Replacing Shoes, Replacing Shopping Habits
The story starts with a pair of Sam & Libby sandals I honestly didn't think I would like from Target. I was hesitant to join the metallic shoe trend, but these were a tactful mix of multiple metallics (how could I choose just one of silver, gold and copper) and the price was right.
Tragically, the left sandal had its last day earlier this year. Mixed with sorrow over the loss and glee over the excuse to purchase a new pair, I browsed the DSW aisles and found a pair of Michael Kors tortoise print t-strap jelly shoes. Being the frugal shoppinista that I am, I headed home where I opened up a few browser tabs and started the hunt across some of my go-to shopping sites.
Knowing exactly what I wanted, I was surprised at how daunting it could be to go through the menus and filters to find shoes on different eCommerce sites. From searchable drop-down menus to standalone brand pages, I really felt the "shop 'till you drop" vibe I was trying to avoid by shopping online.
Which is optimal? Which is the best? I'll take the words from Abby the IA: "there is no one right way to organize anything." I don't want to focus on good/better/best and bad/worse/worst of eCommerce sites; however, there was one dividing factor between good and bad experience here: findability.
Findability is an attribute that assesses how easy it is to locate or discover something. It is related to searchability, but is focused on uncovering things as opposed to using a tool to help look for them. In my case, I went through the menus and filters to find shoes (I was not using a search box), so whether or not I ended up seeing that pair of perfect sandals was a good test of findability. Using well-structured Information Architecture (IA) makes easy-to-find possible, and poorly thought out IA makes a user abandon all shopping hope.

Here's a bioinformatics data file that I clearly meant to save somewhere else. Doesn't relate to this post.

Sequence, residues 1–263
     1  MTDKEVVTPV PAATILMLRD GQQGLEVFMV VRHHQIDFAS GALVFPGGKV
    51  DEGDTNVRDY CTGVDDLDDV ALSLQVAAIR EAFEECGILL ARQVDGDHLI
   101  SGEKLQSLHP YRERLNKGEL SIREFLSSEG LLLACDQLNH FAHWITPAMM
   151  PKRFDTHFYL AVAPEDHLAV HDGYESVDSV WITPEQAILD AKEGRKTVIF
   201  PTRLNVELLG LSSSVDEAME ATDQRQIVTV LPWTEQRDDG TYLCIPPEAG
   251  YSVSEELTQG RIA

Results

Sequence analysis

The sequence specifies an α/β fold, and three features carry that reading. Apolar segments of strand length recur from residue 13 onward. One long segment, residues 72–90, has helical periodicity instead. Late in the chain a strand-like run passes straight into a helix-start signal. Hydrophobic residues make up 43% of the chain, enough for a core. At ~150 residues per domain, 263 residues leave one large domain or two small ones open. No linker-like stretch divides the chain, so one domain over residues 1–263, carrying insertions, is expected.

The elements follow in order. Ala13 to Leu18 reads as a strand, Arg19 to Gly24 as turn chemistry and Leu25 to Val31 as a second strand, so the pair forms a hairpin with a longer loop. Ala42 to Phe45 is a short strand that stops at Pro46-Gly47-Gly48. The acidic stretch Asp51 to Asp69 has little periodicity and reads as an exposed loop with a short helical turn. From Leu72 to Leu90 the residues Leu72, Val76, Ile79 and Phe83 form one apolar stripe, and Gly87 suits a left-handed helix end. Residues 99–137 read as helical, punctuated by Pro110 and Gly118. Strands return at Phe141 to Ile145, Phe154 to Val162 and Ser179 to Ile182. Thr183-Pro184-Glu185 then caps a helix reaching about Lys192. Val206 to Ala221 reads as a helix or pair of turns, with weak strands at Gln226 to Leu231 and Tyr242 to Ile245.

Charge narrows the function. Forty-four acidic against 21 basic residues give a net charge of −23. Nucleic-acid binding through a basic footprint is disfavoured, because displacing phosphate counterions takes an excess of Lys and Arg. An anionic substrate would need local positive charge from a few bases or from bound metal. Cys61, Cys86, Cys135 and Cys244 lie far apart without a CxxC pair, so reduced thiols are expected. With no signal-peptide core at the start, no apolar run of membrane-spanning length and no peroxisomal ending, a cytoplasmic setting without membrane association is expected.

As a user experience designer, you want users to be able to achieve their goals. If they are trying to locate something, but the findability is so poor that they get frustrated along the way or distracted and give up, you have failed at your job. All the time invested in marketing, SEO and making the site findable is wasted if a user lands on the site without the ability to locate what they need.
Looking through these sites, I could tell which ones were built with IA and use cases in mind, and which were built with business requirements to filter on every possible thing and/or with the latest sliding menu doodads. As a user, I just wanted to find my shoes; I did not want to filter through the filters, or spend my time trying figure out which sub-menu was hiding the women's shoe department.
What Happens When Findability is Poor?
What happens when findability is poor? I go to another website with better findability and buy shoes from them. I hate to see that findability isn't recognized as a word by the dictionary, but I hope we can talk about it more, add it to the vocabulary of more designers, and make cute shoes an easier thing to find in the future.
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